Sentence = NP + VP
Noun Phrase = (Det) + N
Verb Phrase = V + (NP)
Using the above rules, we can build the following sentences.
1. John slept.
2. John saw Mary.
3. The man slept.
4. The man saw the woman.
However, there are plenty of other sentences that are possible, at least in English. Let us add another rule or two.
Verb Phrase = V + (CP)
Complement Phrase = C + S
Using these rules, we can now build the following sentences.
5. John knew that Mary saw the woman.
6. The man thought that John knew the answer.
7. My sister knows that I know that she knows that I am a jerk.
Now, notice the application of the rules in a recursive fashion. The rule that generates a complement phrase gives a sentence as an output, which then allows one to generate a new sentence again, and again, and again. Here are other examples of recursion. For ease of exposition, I added brackets as necessary.
8. I saw [the dog that chased [the cat that killed [the mouse that ate the cheese]]].
I could go on and on and on with this, describing each noun with a modifier. However, not all recursions can be infinite. There are times in which having multiple embedded stuff can make processing difficult, and one such example is center-embedding, where the recursive material is inside the sentence, not at the edge. I will illustrate this one by one, for ease of interpretation.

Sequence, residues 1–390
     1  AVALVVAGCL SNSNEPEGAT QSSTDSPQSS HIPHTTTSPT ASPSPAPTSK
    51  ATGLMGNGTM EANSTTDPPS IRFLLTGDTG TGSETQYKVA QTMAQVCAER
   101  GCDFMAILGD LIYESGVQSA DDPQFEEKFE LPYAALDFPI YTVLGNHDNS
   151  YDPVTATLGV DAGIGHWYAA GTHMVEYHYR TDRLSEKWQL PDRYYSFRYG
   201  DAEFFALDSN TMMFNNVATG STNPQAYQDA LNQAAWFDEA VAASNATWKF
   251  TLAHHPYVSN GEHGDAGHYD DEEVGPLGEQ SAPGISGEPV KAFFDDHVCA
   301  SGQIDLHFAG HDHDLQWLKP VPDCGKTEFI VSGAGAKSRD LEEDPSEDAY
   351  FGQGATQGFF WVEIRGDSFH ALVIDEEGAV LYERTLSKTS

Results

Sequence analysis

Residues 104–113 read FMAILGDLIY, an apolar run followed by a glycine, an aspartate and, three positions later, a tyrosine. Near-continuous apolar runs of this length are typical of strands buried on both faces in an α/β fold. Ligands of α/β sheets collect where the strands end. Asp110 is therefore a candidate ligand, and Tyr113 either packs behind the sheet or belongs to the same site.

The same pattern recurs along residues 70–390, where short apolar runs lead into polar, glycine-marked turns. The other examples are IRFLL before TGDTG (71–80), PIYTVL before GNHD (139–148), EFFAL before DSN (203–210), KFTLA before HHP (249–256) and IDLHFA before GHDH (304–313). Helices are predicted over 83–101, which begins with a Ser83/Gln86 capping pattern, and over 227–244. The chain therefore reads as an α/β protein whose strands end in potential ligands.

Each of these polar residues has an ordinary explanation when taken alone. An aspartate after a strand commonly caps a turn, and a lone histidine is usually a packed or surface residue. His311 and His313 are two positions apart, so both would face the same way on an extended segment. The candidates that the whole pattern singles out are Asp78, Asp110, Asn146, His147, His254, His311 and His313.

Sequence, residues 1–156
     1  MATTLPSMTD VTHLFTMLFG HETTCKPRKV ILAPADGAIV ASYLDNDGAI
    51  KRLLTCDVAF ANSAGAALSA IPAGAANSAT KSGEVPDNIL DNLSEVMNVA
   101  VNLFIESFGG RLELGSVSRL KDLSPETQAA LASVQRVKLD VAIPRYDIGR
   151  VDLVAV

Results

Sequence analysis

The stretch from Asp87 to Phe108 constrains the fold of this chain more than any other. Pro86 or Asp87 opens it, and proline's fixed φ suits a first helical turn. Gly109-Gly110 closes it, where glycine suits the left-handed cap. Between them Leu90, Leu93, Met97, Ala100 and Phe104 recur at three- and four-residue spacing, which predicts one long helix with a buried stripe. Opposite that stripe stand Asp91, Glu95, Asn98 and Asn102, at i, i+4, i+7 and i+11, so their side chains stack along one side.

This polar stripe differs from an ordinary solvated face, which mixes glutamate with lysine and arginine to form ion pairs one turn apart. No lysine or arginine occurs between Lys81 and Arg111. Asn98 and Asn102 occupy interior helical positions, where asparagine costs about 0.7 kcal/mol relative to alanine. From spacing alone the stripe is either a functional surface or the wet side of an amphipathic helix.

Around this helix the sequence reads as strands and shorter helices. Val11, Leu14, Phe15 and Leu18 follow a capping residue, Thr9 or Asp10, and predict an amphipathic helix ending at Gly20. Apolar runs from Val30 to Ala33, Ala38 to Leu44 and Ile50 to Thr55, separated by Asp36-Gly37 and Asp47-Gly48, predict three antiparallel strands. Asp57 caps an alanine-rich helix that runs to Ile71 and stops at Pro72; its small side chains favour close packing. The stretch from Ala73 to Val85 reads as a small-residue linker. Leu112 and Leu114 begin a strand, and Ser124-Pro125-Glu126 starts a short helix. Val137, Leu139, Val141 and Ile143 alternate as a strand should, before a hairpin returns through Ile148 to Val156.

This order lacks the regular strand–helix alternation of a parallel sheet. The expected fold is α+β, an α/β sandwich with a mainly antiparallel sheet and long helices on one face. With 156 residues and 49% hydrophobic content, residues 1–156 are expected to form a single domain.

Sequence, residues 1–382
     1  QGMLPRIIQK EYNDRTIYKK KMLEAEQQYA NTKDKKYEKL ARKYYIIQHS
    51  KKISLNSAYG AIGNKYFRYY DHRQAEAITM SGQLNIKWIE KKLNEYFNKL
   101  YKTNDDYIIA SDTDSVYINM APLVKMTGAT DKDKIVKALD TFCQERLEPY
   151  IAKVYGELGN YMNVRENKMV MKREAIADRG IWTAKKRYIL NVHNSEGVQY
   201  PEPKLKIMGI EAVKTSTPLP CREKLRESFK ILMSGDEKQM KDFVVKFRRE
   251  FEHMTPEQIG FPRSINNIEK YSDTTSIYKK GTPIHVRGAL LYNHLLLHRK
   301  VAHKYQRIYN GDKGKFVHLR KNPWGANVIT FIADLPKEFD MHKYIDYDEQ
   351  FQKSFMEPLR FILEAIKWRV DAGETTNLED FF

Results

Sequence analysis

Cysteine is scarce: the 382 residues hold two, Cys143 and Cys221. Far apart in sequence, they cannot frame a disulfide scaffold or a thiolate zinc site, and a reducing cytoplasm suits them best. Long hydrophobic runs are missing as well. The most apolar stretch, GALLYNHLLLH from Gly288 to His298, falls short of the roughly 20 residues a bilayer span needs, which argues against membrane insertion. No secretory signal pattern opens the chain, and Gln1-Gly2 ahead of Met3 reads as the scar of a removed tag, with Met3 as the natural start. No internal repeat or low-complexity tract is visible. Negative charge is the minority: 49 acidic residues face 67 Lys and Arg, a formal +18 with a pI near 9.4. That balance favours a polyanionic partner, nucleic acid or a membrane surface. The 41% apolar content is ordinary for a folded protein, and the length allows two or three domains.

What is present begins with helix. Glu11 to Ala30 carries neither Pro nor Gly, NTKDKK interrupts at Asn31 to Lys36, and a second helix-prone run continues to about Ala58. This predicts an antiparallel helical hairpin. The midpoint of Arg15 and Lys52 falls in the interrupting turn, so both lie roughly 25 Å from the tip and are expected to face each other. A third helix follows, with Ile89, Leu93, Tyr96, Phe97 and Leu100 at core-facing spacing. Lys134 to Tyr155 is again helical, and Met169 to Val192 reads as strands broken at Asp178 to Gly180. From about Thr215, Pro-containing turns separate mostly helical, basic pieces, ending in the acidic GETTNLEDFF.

9. The mouse ate the cheese.
10. The [mouse that the cat killed] ate the cheese.
11. The [mouse that [the cat that the dog chased] killed] ate the cheese.
12. The [mouse that [the cat that [the dog that the city impounded] chased] killed] ate the cheese.
Who here still understands what the last sentence means?
Anyway, some linguists, notably Noam Chomsky, argues that recursion is one of the most fundamental aspects of language, and by having recursion possible, one can generate an infinite number of sentences using just simple finite rules. Other linguists, however, such as Daniel Everett, challenges this view, using data from other languages such as Piraha, in which there apparently is no use of recursion. If this is the case, then recursion cannot be universal. Obviously, the debate is more complicated than how I outlined it here, and it is keeping linguists busy. In fact, linguists who find this aspect of language fascinating are having a conference right this moment, in UMass Amherst. We'll see how this plays out.